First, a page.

Some of those aggressive tactics, like Salon’s crypto-mining, might raise eyebrows—but they probably will not raise much revenue, and may be “a bit of a fad,” Narayanan says. Others say there is room for compromise. Earlier this year Google introduced a new ad blocker for its Chrome browser that instead of turning away all ads, filters out only those that violate standards created by the Coalition for Better Ads, a consortium of advertisers, content providers and others. The organization says it identifies ad experiences that fall beneath a “threshold of consumer acceptability.” Examples include pop-ups that take up too much screen space or try to catch people’s attention as they are leaving a particular site.


About 90 percent of Adblock Plus customers do not block all ads, according to Ben Williams, eyeo’s director of communications and operations. This statistic, he says, suggests those users will tolerate a certain amount of advertising. Eyeo recently launched an initiative to help compensate content creators who earn their money via ads. Dubbed Flattr, the system collects fees from users and distributes the money to Web sites or individuals (YouTube creators, example). The amount of payment depends on how much time users spend reading specific sites or watching certain videos. Another ad-blocking browser, Brave, has partnered with a group of music-related Web sites to offer them cryptocurrency payments from users. Even though ads are still blocked, the sites trying to make money with those ads still receive some compensation.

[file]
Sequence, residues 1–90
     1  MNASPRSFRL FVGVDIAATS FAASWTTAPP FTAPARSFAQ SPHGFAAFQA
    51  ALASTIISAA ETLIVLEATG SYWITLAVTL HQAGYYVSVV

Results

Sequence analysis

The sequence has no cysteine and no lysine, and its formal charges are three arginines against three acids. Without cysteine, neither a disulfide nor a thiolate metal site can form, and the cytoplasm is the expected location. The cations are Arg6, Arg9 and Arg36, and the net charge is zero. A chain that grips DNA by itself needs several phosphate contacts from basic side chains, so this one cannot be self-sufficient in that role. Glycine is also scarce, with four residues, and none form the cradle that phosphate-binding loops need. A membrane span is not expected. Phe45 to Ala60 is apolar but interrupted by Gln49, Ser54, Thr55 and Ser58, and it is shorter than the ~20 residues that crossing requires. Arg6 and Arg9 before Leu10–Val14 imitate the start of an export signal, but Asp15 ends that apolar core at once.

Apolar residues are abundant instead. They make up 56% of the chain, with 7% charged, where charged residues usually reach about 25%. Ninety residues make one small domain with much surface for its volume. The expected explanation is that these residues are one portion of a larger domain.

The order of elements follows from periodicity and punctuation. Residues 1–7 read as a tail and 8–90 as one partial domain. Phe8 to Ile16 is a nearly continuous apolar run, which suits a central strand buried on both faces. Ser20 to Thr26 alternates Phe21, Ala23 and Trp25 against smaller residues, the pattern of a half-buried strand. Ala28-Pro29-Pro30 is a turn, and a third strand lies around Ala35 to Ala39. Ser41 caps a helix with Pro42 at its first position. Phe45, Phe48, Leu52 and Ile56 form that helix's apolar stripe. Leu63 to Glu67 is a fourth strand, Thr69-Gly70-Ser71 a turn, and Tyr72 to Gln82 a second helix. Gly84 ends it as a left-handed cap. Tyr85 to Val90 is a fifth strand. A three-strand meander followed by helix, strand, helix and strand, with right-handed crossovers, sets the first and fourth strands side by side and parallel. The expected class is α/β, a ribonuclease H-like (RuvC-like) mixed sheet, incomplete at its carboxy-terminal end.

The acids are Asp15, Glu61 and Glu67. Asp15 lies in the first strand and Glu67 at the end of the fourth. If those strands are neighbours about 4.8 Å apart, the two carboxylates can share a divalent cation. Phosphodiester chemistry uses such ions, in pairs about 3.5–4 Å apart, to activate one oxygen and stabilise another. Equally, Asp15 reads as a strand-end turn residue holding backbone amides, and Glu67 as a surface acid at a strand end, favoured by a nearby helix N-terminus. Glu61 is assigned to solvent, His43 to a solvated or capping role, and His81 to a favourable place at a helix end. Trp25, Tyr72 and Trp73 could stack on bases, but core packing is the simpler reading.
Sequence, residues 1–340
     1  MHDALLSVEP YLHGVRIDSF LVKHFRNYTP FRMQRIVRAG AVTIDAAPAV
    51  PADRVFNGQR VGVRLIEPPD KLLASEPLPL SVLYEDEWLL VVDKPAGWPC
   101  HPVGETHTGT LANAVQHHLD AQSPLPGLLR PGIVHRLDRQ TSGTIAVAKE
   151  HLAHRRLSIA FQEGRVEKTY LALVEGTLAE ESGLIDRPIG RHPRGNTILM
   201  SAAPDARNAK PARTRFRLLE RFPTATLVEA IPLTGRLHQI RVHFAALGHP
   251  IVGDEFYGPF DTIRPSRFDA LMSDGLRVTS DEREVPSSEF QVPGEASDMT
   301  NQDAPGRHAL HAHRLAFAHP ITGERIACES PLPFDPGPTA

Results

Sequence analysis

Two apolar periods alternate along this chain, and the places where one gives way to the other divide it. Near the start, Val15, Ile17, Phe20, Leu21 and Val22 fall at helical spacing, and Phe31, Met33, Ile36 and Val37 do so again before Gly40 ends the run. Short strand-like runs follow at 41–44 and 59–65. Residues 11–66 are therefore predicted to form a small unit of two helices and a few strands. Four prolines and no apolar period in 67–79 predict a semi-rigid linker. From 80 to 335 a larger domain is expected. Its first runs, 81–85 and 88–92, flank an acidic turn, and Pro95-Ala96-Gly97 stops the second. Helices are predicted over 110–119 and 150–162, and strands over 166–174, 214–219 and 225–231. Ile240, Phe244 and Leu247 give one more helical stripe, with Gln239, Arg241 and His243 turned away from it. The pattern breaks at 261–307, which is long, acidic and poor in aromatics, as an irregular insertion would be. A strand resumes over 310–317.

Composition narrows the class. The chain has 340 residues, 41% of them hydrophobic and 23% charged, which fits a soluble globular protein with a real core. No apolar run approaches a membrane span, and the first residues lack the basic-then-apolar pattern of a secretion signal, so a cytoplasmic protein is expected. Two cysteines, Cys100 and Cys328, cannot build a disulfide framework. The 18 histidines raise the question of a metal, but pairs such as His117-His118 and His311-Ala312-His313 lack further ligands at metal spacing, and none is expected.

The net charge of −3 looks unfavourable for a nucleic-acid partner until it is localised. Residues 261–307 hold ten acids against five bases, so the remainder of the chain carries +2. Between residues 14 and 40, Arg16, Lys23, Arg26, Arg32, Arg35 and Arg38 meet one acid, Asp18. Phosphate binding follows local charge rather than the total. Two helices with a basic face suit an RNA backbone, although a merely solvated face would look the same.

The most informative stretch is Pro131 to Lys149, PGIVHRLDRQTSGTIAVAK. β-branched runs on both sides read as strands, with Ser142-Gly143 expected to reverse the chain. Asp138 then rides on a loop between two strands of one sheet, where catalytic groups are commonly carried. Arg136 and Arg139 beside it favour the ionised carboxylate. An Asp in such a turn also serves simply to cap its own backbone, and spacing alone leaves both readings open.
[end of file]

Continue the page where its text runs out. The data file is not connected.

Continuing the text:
User frustration with ads is well documented and has played a major role in the back-and-forth between advertisers and ad blockers. Still, efforts to deny businesses the ability to profit from the content they publish have not solved the problem. Attempts to find some middle ground—allowing users the choice to compensate publishers and content creators instead of facing an avalanche of ads—may prove a good way to break the stalemate.